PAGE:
Sebastian is older now, and much wiser. He’s full of guilt for the rough and impatient way he treated his shy and nervous young bride all those years ago and although he hasn’t bothered her since she left, he’s not about to sit back and be cuckolded either. When he’s left alone in the snow with Alicia he is determined to do the right thing, unlike he would-be lover and see her to safety.

Sebastian isn’t the only one who has grown up and changed. Alicia too, has changed and faced with this new, mature version of her husband she begins to see her own faults in the breakdown of their marriage. Previously she has always blamed Sebastian and his callous behaviour but now she can see where she went wrong. Trapped in an inn with Sebastian now, Alicia sees a chance for them to, as adults, right where they went wrong years earlier. The passion that has always been there is still there for her, she just needs to test the waters and see if her husband still wants he after she rejected him years ago.

The Winter Wife is a holiday novella from Australian author Anna Campbell that I happened to see another Aussie author Cathryn Hein recommending on twitter. I was looking for cheap holiday reads at the time to put on my kindle for my three week holiday interstate so I snapped it up. This is my first Anna Campbell read but it will definitely not be my last! This novella is short but well rounded and provided me with a fabulous morning read in my hotel room on the one night my husband and I had away from our children, leaving them in the care of my parents for the first time.

Sebastian, the Earl of Kinvarra and Alicia were married through a family arrangement when both of them were very young, Alicia in particular. Both of them were initially very impressed with what they saw but very quickly the situation deteriorated and Alicia ended up leaving her husband, the two of them living apart. Sebastian went overseas on a tour and when he returned they saw each other very occasionally in polite society and did no more than exchange a few words. Unbeknownst to the other, each of them regret their mistakes made during the early days of the marriage, although Sebastian has had longer to regret his actions. Alicia has always steadfastly blamed Sebastian but when she is forced to spend time with him one snowy winter’s night, she begins to realise the role she had in things going wrong. She was immature and unable to talk to him, instead choosing to freeze him out, which to a young, virile and proud man, was possibly the worst thing she could do. Sebastian regrets his impulsiveness and his lack of control, but even now after 10 years apart it seems that he still suffers from the same lack of control – which is why he chooses to sleep in a chair when they are forced to take a room together at an inn.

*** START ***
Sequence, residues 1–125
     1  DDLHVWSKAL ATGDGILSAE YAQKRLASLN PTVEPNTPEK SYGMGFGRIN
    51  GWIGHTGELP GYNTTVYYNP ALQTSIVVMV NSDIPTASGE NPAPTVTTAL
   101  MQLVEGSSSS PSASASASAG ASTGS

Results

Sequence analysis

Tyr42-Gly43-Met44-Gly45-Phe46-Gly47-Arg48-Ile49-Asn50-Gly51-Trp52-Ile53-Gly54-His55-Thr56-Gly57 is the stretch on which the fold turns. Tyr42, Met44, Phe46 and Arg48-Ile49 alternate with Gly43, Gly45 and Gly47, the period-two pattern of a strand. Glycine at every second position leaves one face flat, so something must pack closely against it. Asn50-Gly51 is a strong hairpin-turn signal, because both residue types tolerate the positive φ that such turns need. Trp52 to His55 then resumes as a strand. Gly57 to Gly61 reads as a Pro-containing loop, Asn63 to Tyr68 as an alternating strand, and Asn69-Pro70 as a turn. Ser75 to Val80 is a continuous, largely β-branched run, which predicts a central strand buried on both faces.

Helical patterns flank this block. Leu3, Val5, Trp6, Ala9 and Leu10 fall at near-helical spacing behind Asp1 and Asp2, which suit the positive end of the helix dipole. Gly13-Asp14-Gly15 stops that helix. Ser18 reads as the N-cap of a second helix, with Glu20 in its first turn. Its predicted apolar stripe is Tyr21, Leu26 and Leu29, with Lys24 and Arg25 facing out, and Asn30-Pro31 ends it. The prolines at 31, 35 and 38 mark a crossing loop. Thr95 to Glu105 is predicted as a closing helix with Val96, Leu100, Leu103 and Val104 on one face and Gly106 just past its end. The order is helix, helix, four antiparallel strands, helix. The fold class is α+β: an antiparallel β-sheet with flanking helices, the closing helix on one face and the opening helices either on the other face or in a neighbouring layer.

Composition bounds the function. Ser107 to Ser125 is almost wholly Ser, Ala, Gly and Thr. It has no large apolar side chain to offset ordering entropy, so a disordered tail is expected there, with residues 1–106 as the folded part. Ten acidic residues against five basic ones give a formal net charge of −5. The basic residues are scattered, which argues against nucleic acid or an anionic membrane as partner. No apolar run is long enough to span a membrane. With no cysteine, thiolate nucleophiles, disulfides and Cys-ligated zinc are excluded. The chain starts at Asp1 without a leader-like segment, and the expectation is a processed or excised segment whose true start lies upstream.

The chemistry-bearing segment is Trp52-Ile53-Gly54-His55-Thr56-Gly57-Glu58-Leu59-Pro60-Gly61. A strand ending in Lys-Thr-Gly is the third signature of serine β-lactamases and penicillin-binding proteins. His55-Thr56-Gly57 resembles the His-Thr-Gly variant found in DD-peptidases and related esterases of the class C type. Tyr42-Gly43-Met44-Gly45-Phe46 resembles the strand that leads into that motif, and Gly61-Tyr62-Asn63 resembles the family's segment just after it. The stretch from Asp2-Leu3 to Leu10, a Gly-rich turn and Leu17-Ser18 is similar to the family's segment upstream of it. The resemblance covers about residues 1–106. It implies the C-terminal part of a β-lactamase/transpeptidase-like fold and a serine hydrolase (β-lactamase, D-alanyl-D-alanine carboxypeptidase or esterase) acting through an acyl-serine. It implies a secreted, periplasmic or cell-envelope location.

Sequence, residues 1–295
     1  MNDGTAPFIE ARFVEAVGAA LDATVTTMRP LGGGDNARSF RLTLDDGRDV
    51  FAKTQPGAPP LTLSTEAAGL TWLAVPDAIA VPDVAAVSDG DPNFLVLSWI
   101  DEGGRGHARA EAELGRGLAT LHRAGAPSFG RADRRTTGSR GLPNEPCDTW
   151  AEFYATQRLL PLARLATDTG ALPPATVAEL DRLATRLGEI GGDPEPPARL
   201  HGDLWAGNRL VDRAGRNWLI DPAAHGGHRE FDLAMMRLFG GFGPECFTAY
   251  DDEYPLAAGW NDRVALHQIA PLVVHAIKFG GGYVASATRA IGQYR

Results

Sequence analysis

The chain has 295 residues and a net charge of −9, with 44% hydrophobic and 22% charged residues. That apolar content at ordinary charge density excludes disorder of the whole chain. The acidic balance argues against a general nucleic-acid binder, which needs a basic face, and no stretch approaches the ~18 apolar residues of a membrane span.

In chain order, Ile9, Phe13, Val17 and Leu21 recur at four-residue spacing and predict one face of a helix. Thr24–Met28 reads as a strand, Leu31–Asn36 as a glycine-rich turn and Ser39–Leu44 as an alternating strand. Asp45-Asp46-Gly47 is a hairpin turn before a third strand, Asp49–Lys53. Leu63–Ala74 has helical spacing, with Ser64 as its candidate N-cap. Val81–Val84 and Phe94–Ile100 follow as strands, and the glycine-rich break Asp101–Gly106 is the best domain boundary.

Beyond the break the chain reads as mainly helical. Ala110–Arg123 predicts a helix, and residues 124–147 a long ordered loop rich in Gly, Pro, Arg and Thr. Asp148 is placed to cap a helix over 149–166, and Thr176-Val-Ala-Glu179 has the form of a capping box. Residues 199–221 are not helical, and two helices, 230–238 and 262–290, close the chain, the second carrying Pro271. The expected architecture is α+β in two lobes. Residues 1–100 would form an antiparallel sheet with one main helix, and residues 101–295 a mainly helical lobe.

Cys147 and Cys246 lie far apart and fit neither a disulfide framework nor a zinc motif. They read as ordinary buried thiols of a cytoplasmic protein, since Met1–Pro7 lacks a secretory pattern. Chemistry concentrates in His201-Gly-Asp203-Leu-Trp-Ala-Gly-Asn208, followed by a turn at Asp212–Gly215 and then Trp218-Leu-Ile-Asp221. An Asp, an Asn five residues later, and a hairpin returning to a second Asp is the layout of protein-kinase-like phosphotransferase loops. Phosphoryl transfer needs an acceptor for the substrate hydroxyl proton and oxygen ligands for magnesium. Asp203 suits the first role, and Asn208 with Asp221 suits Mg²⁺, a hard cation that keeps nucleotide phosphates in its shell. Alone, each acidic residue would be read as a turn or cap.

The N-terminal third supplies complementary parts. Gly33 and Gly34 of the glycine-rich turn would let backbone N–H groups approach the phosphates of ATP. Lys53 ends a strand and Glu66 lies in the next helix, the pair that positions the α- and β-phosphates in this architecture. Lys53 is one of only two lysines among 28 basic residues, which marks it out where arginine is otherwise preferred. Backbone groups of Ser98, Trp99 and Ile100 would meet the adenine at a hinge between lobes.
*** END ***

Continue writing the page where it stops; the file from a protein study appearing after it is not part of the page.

I do love a good reconciliation story! And this one is so fun – we get both points of view, the focus switching between Sebastian and Alicia, which really works as it helps give the reader a clear understanding of both characters, their mistakes and regrets when the other is not aware. Sebastian has matured enormously and he seems to be the one that suffers the most with guilt and regret – Alicia has mostly been fueled by anger and resentment. It isn’t until she is forced to deal with this Sebastian, rather than the memory of the 21 year old that she married, that her outlook begins to change.

Apparently this is an extended version of a short story that was published in an anthology so if you’re an avid Campbell fan then this may seem very familiar. It also includes the first chapter of Seven Nights In A Rogue’s Bed, which is I think, Campbell’s most recent release, and I read that after finishing this and all I can say is I must have that book now! I am buying it as soon as I can get on to my amazon account!

This was a fun, well constructed story that was perfect for what I was after. It’s short but not without dept and character development and it makes me super excited to read her full-length novels.


Book #279 of 2012